at the Weekly Standard:
The words “have” and “get” pulse insistently through Jodi Angel’s new short story collection. What you have to do, what you get to do, what you get away with; getting in trouble, getting used to it. Sometimes Angel even doubles up on these words: “My stomach clenched a little and I got ready to get in trouble.” That tensed, hurting readiness is one of the collection’s central moods. The other is a post-traumatic numbness which can sometimes become sentimentalized and is sometimes sociopathic.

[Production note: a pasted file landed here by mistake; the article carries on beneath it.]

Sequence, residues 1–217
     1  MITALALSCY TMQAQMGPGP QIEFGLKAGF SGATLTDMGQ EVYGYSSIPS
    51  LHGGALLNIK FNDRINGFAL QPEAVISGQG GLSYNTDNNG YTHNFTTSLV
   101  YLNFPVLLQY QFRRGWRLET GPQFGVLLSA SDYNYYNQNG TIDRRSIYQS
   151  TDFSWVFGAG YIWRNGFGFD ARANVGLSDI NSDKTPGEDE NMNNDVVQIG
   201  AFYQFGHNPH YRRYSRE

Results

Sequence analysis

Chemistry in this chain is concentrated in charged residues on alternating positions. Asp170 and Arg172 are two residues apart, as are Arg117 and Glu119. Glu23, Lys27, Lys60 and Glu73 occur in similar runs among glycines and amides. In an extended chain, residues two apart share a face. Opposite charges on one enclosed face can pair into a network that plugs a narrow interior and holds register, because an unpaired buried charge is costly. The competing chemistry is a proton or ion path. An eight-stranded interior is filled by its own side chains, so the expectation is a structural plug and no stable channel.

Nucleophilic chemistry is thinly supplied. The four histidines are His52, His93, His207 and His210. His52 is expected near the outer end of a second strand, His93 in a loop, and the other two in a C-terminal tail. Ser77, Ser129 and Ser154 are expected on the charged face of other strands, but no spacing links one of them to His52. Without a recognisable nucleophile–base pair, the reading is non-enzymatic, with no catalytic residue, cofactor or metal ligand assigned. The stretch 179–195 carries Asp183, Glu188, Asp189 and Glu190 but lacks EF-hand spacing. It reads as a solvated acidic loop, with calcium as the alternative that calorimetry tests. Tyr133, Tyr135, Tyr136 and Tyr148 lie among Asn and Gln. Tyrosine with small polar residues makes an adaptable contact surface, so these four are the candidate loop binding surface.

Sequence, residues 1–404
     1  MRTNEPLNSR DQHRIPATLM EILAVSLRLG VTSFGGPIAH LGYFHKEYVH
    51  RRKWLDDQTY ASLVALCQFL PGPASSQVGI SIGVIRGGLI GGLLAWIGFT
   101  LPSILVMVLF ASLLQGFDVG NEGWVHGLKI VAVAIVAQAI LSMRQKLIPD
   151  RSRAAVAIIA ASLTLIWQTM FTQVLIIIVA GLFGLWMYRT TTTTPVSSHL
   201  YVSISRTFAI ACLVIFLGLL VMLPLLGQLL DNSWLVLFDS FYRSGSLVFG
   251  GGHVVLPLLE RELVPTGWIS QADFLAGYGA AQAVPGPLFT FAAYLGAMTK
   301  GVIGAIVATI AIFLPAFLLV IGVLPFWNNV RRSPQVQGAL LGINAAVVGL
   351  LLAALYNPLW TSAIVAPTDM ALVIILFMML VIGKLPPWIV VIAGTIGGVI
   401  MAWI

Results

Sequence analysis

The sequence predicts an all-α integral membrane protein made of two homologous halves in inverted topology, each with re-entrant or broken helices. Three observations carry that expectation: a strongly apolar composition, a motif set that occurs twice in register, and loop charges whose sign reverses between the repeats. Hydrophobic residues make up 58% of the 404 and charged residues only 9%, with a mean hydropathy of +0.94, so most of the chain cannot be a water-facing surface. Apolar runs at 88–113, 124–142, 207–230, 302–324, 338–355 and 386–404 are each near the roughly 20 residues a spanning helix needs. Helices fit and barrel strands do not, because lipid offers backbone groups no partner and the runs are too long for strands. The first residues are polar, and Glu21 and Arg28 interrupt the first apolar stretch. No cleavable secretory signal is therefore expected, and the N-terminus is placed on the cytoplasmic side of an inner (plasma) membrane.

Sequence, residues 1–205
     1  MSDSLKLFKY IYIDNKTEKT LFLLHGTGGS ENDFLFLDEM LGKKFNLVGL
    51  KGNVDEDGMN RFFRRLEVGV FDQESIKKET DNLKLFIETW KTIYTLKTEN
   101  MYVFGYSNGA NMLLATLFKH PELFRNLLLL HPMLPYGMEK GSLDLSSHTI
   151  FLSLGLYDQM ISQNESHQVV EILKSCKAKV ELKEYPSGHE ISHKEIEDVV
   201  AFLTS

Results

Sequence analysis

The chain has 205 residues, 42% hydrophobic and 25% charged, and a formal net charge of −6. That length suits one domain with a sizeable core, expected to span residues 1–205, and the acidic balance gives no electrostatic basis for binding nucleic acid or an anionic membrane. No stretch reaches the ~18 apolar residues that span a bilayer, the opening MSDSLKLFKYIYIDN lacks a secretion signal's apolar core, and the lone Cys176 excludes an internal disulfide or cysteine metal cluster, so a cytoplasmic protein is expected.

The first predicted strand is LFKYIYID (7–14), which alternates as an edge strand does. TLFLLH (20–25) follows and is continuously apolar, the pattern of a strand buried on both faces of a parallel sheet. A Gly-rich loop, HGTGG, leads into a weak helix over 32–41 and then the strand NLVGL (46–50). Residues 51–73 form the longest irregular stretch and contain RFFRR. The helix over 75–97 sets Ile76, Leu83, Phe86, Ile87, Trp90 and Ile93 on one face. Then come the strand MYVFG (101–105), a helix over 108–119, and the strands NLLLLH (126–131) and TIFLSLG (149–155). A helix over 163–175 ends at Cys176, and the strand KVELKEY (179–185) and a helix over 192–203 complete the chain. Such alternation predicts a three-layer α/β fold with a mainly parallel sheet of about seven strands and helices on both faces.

All of Angel’s protagonists are teenage boys, living in a no-lifeguard-on-duty 1970s or ’80s hinterland of broken or unreliable families and bad-company friends. Before each story opens, something bad has already happened to these kids—often the death of one or both parents. The boys’ narrative voices always sound a little shocked, as if they’re still sorting through how to live in this new world into which they’ve been thrust.